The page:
Self-imposed barriers mark the perimeters of our self-worth. Those barriers are pushed out as faith in our self worth increases and undeveloped potential is discovered.
Somerset Maugham, the great English author, once said, “Adversity puts iron in your flesh.” Another one of my favorite authors, a man by the name of Orison Swett Marden, said, “Adversity sometimes strips a person, only to discover the person.” Well, through adversity I discovered quite a lot about my person. I went back to square one and started learning not only about my own potential, but also about the potential of the people who worked for me. And the biggest lesson I learned was that salespeople can get better––right after the sales manager does.
There are universal applications in that principle. Employees get better right after managers do. Kids get better right after parents do. Students get better right after teachers do. Audiences get better right after speakers do. Customers get better right after salespeople, sales managers, upper management, receptionists, secretaries, order clerks, and anybody else who happens to be in the company get better.
I had been with the company two years (one as a salesperson and one as a manager) of one of their small offices. I had been promoted three months prior to this time to the highest producing office out of 36. In those 90 days we slid to #36! My boss told me he was looking for my replacement.
I had to work fast to save my career. Two days away from the office and I figured it out. My problem was trying to turn my salespeople into “copies” of me, an idea that they rejected. My new strategy was to be aware of their weaknesses but communicate with their strengths. It worked! And 120 days later we were back to Number One.
That was a moment to be savored, not only because of the sense of achievement, but because it would then be possible to ease off a bit and relax after that incredible climb back to Number One. Or so I thought. There’s a certain danger in taking that kind of attitude. If I had hung on to it, you know what would have happened, don’t you? Our sales would have plateaued back out and you’d be reading a Blog by some other author, not me!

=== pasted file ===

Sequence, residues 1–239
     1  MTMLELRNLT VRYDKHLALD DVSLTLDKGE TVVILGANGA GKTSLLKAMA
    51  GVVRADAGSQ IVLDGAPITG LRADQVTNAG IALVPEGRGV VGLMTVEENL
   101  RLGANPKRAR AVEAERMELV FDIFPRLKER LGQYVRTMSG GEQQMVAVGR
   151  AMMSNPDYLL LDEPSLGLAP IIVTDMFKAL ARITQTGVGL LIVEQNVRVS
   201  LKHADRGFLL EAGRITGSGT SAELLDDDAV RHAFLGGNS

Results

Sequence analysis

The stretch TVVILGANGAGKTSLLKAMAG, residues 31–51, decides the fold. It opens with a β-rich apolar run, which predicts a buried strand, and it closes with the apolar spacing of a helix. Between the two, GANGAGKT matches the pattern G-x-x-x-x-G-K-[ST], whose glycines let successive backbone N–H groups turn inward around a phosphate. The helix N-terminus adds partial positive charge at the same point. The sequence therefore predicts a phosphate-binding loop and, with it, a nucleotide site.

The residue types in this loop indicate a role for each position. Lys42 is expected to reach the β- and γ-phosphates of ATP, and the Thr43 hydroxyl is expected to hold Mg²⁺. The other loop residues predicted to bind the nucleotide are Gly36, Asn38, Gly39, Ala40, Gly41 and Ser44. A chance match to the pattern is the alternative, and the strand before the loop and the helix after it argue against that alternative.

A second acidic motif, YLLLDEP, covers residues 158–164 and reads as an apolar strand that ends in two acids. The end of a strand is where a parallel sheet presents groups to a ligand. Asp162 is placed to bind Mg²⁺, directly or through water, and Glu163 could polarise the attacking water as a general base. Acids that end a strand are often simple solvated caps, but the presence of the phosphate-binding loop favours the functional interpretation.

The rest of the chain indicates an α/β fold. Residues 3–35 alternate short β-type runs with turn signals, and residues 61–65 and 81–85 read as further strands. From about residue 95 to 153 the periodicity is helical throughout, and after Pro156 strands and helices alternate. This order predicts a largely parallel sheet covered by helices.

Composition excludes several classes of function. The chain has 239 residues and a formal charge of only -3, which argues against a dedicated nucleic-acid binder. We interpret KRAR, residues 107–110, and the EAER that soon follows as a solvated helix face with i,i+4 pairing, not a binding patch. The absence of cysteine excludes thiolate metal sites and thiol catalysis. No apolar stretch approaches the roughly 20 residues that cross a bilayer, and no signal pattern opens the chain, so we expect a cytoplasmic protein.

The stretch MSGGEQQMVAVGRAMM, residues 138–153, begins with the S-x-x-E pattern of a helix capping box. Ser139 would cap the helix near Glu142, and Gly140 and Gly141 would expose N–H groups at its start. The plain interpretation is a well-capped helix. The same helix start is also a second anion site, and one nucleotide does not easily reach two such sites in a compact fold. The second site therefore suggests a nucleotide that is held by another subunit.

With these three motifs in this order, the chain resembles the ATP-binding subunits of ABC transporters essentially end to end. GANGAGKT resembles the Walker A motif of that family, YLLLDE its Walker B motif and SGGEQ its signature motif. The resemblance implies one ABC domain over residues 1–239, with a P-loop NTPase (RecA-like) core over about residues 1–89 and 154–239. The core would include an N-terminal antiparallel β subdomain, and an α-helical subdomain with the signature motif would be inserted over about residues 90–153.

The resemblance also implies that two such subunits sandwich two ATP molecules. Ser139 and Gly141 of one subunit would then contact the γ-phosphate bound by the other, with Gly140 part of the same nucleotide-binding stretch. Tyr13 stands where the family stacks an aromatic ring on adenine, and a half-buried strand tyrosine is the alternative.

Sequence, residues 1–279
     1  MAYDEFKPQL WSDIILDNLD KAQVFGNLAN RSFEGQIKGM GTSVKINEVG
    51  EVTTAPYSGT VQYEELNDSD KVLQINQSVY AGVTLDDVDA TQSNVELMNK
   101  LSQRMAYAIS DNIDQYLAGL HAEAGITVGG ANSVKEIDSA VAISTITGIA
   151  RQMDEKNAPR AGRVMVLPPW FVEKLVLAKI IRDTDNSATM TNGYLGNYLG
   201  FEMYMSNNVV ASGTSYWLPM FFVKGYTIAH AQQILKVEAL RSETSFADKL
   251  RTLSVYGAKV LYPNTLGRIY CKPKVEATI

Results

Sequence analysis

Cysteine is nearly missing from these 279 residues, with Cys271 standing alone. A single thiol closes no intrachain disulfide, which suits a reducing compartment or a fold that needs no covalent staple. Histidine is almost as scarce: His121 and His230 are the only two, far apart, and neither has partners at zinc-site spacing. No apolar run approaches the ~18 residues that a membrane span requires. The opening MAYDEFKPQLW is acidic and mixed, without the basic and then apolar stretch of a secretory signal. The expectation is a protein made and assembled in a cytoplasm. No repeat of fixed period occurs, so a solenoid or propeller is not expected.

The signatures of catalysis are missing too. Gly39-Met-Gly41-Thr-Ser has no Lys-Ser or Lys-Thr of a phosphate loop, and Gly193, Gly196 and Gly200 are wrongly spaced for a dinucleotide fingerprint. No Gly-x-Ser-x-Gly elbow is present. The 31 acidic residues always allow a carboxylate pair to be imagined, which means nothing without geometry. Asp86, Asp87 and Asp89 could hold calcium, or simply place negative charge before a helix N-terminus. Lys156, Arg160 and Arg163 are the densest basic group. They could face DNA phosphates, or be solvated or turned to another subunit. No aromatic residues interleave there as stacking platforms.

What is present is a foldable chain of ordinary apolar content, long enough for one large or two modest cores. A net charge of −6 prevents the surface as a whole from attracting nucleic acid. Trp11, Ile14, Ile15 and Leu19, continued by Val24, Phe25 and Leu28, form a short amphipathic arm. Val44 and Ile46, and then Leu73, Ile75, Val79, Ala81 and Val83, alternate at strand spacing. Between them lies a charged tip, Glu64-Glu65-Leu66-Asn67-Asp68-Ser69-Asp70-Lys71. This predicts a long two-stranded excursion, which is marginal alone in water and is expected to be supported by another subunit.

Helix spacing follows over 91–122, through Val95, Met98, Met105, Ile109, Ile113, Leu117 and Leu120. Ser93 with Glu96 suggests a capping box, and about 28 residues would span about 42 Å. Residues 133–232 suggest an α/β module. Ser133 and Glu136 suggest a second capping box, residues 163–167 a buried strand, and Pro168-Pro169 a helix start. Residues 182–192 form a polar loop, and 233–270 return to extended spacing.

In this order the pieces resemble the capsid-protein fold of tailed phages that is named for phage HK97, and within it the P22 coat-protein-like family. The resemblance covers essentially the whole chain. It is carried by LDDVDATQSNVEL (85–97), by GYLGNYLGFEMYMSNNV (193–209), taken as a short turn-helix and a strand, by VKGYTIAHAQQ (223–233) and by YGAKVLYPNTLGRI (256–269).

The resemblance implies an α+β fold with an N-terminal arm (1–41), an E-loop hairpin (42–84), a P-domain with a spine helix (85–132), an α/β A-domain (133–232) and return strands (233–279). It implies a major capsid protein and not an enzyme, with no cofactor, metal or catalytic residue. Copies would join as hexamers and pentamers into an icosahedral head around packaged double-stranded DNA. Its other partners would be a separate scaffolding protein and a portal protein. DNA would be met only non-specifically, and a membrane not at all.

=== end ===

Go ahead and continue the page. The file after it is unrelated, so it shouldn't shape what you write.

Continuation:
Well, my salespeople and I started talking about this phenomenon. It can happen to anybody working in any job at any level: When you get to a certain way to doing your job, it’s tempting to just quit getting better at it. That is what is called a self-imposed barrier. We’ll be looking at that kind of barrier in greater detail a little later on, but I want to take this opportunity to give you the introductory tour now.
Nobody builds a self-imposed barrier for you. You build it for yourself. A self-imposed barrier is not a wall around your life; it’s just the margin of your life, where you stopped growing. These barriers can rise up at just about any level, whether it’s low, medium, or even high productivity!
Immediate Action: Think of a time when you’ve told someone––perhaps a friend or family member––“Come on you can do better than that.” Did you ever hear that person reply, “No, I can’t––I’ve never done this job better than that.” The truth is, that’s not a reason that’s not even a good excuse. It’s only the flag atop the so-called barrier. It shows where the new potential starts.
Point to Ponder: Phillips Brooks, the minister who wrote, “O Little Town of Bethlehem,” had a powerful thought: “When you discover you’ve been leading only half a life, the other half is going to haunt you until you develop it.” He was absolutely right.
No-limits thinking is the kind of thinking that’s dedicated to finding a way to live a full life––so that the unexplored half of your identity, the half you can develop but don’t doesn’t come back to haunt you.